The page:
Identify the cells. Highlight a cell and observe that it has a specific cell value. Enter some example data, ask the class to copy it onto their own terminals. Explain that the formula function enables them to carry out a variety of operations, using the right formula. Show the target formula operations, i.e. addition, subtraction, average.
Explain the main tabs on the Excel ribbon, i.e.,
Home. This tab is used for formatting and editing spreadsheets. Its main features are the Clipboard, Font, alignment number styles and editing groups, including cells.
Insert. This is used when adding data in the form of charts, illustrations, tables, pivot tables, hyperlinks, footers and headers.
Page Layout. This includes all of commands needed when preparing a spreadsheet when printing, i.e. page set up, scale to fit etc.
Formulas. This tab is used when adding formulas and functions to spreadsheets it can also be used for checking formula errors. There are four groups in this tab, i.e. Function Library, Defined Names, Formula Auditing, and Calculation Groups.
Data. This tab is used when importing, querying, outlining and subtotalling data. Its main features are as follows; Get External Data, Sort and Filter, Data Tools, and Outline Groups.
Review. This is used when marking up, proofing and protecting spreadsheets which are going to be reviewed by others. Its main features are the Proofing, Comments, ad Changes groups.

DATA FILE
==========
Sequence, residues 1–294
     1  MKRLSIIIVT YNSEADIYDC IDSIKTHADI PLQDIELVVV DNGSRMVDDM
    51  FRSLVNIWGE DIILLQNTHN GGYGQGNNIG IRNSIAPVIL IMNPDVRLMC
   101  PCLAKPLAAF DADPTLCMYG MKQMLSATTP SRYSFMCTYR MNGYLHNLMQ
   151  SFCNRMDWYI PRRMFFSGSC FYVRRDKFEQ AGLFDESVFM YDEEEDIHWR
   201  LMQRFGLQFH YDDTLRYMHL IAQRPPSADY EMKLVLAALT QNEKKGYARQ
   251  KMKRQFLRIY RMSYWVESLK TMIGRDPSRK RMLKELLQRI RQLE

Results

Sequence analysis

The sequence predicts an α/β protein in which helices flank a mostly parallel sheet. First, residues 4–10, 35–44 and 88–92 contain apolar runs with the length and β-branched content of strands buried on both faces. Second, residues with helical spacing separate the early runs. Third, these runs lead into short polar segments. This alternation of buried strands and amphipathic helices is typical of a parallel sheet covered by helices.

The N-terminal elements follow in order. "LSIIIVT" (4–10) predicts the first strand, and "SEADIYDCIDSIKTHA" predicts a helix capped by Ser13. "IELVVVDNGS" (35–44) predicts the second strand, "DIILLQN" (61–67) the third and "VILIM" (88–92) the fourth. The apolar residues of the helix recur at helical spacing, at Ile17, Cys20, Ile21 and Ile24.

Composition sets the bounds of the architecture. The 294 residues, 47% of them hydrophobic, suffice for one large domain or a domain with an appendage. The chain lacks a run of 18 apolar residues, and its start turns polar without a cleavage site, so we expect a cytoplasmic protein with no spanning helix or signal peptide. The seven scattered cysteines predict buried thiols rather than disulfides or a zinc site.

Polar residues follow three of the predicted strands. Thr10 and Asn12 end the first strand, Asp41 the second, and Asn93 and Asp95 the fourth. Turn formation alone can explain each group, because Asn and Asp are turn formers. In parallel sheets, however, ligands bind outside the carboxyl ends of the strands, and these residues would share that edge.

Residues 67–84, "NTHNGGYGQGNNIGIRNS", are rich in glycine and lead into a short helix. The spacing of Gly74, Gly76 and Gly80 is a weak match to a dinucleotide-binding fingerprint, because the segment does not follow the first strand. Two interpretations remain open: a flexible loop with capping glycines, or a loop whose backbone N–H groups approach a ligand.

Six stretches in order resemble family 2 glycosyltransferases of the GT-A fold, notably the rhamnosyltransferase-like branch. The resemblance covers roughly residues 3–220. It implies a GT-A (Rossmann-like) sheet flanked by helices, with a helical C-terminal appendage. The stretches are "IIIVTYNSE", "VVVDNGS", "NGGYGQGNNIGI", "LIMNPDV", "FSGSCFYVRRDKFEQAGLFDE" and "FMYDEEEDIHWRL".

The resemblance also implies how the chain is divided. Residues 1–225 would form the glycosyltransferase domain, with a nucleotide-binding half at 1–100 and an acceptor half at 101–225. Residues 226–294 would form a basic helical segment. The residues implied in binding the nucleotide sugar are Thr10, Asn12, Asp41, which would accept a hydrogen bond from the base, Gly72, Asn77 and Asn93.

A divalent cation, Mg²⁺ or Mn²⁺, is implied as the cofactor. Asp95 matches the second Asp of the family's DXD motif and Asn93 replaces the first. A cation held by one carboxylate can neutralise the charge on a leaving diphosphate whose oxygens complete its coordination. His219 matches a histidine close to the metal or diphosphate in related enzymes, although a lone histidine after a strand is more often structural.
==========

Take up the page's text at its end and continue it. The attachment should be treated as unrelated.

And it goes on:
View. This tab is used to change the display of the Worksheet area and the data contained in it. It features Workbook Views, Show/Hide, Zoom, Window, and Macros groups.
The basic rule for entering data is that, in order to either enter or edit data, the cell must be ‘current’. This means that…
The cell cursor must be located on the cell in question i.e. a dark border appears around the edges of the cell.
That cell’s address appears in the ‘Name’ box of the Formula bar.
The Basic Excel Formulas.
These formulas enable you to carry out the four operations of addition, subtraction, multiplication, and division, as well as using SUM to quickly calculate the cumulative totals of columns.
Addition: + (plus sign), =A2+B3 Press Return.
Subtraction – (minus sign) =A2-B3 Press Return.
Multiplication * (asterix) =A2*B3 Press Return.